Foreign and Colonial NewsThe Illustrated London News, vol. 38, no. 1085, p. 361.
April 20, 1861
President Lincoln is severely indisposed, owing to incessant labour and anxiety.
The latest intelligence from America is of a most warlike nature. The New York Herald states that warlike rumours and the naval preparations of the Government created intense excitement throughout the city on the 5th inst. A panic prevailed among stock operators. The Washington correspondent of the New York Herald says the country is on the brink of a civil war. A despatch from Charleston, dated the 5th inst., says a terrible moment is evidently at hand. News from Washington and New York corroborates the general impression that within twenty-four hours war will be upon us. Every man has been ordered on duty, and the utmost activity prevails. The highest officials declare that the present state of things can last but a short time longer. The excitement is intense. Everything wears a warlike aspect. According to the New York Times, General Beauregard had declared to Major Anderson that he must evacuate Fort Sumter, or it would be shelled within forty-eight hours. Major Anderson's supplies were to be cut off immediately. The United States' frigate Powhattan was fully equipped for sea. The Government had chartered the steamer Atlantic, which, with the Powhattan and the Illinois, would sail immediately under sealed orders.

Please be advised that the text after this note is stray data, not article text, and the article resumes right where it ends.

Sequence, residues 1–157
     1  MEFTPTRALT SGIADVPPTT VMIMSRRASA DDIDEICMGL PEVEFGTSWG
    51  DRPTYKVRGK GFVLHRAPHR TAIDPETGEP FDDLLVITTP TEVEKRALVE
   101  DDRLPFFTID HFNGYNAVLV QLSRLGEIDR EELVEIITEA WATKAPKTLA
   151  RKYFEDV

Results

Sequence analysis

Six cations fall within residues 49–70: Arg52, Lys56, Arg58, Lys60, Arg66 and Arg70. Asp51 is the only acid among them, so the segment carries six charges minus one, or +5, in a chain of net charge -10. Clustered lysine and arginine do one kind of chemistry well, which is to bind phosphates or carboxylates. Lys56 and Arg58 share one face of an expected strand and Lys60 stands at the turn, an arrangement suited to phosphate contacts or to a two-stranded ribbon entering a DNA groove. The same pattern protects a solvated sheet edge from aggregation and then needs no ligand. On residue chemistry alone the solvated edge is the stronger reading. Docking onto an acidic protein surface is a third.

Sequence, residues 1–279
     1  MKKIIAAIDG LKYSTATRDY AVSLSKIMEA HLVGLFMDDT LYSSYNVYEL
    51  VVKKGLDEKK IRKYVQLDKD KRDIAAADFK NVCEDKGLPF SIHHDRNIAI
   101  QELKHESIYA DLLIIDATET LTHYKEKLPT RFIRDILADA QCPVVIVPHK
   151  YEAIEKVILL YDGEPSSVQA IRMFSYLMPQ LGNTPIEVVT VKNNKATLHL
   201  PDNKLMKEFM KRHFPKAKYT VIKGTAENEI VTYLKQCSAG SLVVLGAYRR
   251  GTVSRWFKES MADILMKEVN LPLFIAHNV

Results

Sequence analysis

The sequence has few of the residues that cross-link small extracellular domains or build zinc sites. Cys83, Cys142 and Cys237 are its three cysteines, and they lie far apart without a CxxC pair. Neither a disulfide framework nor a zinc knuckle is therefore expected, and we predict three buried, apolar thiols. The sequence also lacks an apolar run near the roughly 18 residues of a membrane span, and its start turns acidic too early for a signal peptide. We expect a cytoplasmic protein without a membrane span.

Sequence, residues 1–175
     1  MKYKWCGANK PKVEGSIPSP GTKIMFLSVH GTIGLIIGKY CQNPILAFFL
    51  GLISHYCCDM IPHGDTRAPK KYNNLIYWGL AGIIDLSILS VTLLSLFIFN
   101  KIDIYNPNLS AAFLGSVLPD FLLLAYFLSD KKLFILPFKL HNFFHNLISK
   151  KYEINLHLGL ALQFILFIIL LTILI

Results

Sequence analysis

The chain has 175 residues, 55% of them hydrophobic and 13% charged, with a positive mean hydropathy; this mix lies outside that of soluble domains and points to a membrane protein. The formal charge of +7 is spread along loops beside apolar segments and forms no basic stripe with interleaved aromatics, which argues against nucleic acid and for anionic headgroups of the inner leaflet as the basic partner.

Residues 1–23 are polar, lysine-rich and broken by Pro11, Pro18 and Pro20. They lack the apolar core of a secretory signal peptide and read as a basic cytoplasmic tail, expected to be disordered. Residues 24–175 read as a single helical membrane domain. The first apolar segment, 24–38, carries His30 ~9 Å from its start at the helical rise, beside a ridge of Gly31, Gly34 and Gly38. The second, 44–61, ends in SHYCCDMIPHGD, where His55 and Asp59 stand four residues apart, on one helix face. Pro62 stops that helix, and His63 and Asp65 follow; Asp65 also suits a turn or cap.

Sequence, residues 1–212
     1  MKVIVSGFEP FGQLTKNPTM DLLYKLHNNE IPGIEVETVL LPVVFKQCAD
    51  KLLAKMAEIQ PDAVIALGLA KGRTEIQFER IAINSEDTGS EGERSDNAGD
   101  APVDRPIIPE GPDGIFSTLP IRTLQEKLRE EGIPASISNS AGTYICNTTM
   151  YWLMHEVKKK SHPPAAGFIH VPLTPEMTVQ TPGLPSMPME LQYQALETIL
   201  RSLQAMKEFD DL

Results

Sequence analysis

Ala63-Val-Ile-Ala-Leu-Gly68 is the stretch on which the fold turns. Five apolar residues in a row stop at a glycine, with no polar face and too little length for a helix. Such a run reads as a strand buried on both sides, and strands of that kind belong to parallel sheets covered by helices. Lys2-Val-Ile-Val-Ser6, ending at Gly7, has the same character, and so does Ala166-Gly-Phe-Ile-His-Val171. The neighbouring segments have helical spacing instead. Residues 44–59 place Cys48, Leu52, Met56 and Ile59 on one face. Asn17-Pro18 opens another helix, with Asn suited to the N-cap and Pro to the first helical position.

The Senate has refused, for the present Session, to enter on the proposal of Great Britain to refer the San Juan question to arbitration.
The Morrill tariff came into operation on the 1st of April, creating, it is said, terrible annoyance and confusion.
Mr. Schutz has been confirmed by the Senate at Washington as Minister to Spain. Mr. Clay, who declined the appointment, goes as Minister to Russia.
The Texan Legislature has confirmed Governor Houston's deposition, which had been decreed by the popular convention.
The Europa has brought over the Honourable Dudley Mann, Commissioner to Europe from the Southern States.